Anglo-Saxons were only 24% British, a study reveals

Anglo-Saxons were only 24% British, a new study has revealed.

Researchers from the Max Planck Institute for Evolutionary Anthropology conducted a genetic study to understand the scale, nature and impact of human migration during the medieval period.

Their findings suggest that mass migration to the UK from Germany, the Netherlands and Denmark during this period may have increased European ancestry by as much as 76%.

Researchers from the Max Planck Institute for Evolutionary Anthropology conducted a genetic study to understand the extent, nature and impact of human migration during the Anglo-Saxon period. In the photo: an early Anglo-Saxon tomb with pottery, pins and a Roman spoon

Their findings suggest that mass migration to the UK from Germany, the Netherlands and Denmark during this period may have increased European ancestry by up to 76%.

Their findings suggest that mass migration to the UK from Germany, the Netherlands and Denmark during this period may have increased European ancestry by up to 76%.

Women of immigrant origin were buried with artifacts

The study also showed that women of immigrant descent were buried with artifacts – such as pins and beads – more often than local counterparts.

On the other hand, it was equally likely that the men with the weapons were native or of immigrant origin.

These differences were locally mediated with prominent burials or rich graves seen across the range of origins.

For example, a woman buried with a complete cow in Cambridgeshire was genetically mixed, with mostly local origins.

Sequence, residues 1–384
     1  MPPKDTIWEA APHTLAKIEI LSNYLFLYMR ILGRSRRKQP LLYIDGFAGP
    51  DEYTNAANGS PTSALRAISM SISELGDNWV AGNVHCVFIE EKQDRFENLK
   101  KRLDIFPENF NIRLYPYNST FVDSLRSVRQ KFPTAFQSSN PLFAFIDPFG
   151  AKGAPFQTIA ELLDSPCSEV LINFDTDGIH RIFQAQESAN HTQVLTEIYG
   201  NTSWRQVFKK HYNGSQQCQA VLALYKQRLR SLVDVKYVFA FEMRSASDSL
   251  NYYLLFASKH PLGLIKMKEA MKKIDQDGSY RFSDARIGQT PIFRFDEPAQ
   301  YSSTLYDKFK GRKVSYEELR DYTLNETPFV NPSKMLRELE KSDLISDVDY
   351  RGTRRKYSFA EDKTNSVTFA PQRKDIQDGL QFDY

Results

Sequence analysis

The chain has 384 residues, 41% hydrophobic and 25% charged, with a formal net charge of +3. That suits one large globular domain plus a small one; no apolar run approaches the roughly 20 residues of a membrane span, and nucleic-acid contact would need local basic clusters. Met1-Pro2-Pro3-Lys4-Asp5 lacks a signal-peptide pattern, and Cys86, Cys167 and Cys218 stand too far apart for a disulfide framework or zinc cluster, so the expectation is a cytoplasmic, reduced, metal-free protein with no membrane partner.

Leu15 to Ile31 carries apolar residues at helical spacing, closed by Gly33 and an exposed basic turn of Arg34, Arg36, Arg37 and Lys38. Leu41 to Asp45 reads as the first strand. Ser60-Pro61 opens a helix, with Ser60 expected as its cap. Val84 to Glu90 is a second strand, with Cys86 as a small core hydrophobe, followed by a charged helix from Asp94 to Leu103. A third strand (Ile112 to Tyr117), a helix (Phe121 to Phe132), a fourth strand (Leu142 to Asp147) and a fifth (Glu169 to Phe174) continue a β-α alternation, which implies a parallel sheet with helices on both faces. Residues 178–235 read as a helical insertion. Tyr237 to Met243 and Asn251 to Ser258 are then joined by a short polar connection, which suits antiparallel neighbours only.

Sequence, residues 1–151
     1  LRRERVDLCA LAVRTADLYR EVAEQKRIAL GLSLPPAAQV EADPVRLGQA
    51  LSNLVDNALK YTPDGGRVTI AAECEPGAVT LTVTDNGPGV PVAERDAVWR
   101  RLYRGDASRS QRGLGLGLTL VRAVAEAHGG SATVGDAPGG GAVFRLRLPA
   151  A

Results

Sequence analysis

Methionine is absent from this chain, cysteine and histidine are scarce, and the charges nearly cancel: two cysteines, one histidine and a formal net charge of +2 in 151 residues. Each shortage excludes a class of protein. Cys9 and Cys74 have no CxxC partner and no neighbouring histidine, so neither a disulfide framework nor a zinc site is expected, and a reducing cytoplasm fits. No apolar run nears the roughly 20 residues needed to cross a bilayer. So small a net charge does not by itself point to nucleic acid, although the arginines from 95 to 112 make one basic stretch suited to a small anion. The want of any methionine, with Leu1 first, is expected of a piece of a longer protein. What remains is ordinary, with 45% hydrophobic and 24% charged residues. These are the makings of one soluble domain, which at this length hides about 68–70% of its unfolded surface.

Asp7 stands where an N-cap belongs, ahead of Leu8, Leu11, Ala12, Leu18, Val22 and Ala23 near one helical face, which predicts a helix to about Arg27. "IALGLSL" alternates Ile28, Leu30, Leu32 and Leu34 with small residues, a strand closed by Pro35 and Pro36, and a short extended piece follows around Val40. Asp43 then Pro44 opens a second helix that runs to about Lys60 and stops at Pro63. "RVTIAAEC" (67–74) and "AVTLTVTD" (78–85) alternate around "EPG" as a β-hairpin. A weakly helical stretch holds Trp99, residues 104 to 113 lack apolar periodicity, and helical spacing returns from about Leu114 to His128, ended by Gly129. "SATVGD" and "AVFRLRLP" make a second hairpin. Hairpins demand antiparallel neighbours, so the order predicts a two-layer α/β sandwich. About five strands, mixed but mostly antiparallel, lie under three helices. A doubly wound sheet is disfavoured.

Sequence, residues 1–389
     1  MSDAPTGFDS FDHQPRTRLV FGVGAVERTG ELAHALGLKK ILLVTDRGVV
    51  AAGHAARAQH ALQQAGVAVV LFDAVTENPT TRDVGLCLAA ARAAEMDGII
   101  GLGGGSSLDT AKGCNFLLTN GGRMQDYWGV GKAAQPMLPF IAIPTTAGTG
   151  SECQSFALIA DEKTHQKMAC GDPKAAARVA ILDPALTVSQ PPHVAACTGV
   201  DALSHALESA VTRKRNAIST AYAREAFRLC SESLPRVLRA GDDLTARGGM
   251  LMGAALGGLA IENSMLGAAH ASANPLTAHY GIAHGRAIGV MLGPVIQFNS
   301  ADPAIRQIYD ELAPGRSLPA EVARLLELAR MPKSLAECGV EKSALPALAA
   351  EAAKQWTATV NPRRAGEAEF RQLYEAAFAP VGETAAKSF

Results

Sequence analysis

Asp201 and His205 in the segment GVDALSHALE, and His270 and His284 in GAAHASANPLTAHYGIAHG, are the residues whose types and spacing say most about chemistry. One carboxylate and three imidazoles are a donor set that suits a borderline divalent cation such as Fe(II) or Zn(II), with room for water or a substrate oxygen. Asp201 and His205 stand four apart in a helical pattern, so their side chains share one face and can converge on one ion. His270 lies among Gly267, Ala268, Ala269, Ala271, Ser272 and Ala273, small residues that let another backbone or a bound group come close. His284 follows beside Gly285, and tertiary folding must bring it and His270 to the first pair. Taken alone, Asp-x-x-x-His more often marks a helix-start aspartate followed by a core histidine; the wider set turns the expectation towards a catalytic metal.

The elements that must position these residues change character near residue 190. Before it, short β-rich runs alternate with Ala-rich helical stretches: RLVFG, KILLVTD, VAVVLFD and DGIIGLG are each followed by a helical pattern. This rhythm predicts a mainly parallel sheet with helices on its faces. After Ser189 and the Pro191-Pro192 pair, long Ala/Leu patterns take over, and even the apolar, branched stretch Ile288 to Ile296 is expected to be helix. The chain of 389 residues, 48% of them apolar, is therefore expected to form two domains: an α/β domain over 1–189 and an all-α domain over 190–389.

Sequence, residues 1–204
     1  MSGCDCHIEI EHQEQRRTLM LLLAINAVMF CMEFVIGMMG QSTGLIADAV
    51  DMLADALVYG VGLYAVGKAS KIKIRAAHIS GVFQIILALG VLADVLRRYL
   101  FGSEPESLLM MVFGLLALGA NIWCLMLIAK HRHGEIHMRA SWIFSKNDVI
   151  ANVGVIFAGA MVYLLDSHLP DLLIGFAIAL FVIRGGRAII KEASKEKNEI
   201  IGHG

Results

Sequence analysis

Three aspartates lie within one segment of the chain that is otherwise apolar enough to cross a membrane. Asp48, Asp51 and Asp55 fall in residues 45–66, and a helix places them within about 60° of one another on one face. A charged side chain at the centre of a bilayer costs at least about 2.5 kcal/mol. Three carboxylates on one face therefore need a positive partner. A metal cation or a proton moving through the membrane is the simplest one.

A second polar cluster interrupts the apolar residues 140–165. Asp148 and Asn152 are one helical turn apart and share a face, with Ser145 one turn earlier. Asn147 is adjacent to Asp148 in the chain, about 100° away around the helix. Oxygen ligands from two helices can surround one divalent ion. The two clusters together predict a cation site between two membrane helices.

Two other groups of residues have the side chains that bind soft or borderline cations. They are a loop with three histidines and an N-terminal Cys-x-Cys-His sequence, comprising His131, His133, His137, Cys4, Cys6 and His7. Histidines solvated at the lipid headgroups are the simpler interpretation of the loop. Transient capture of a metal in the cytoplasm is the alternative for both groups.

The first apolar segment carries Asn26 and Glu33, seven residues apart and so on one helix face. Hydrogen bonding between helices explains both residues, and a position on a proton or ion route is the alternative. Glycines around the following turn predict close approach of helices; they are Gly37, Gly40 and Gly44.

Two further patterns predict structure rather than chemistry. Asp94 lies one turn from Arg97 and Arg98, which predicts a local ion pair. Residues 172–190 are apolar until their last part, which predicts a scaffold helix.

In the study, the team analyzed archaeological data and DNA from 460 medieval people dating from between 200 and 1300 AD, including 278 people from England.

Their analysis revealed that 76% of the population in eastern and southern England were made up of migrant families whose ancestors were from the Netherlands, Germany or Denmark.

According to the researchers, these families interbred with the existing English population, although this varied between regions and communities.

Joscha Gretzinger, lead author of the study, said: “With 278 ancient genomes from England and hundreds of others from Europe, we have now gained truly fascinating insights into demographics and individual histories during the post-Roman period.

“Not only do we now have an idea of ​​the extent of migration, but also of how it has developed in communities and families.”

The researchers compared data from medieval individuals with genetic data from more than 4,000 ancient and 10,000 Europeans today.

This revealed subtle genetic differences between closely related groups.

In one case, at the Buckland Anglo-Saxon Cemetery near Dover, the international team made it possible to reconstruct a family tree across at least four generations.

Archaeologists excavate a complicated triple burial while working in Oakington Cambridgeshire.  These three women were unrelated to each other and each had a different proportion of WBI (Western Britain and Ireland) and CNE (Continental Northern Europe) ancestry.

Archaeologists excavate a complicated triple burial while working in Oakington Cambridgeshire. These three women were unrelated to each other and each had a different proportion of WBI (Western Britain and Ireland) and CNE (Continental Northern Europe) ancestry.

Funerary items from burial grave 3532 at Issendorf cemetery.

Women of immigrant origin were buried with artifacts more often than local counterparts

The study also showed that women of immigrant descent were buried with artifacts such as pins and beads more often than their local counterparts.

They identified the moment when migrants and locals got married with each other. This family showed a large degree of interaction between the two gene pools.

Overall, the researchers witnessed notable burials in cemeteries of both local and migratory origin.

The study also showed that women of immigrant descent were buried with artifacts such as pins and beads more often than their local counterparts.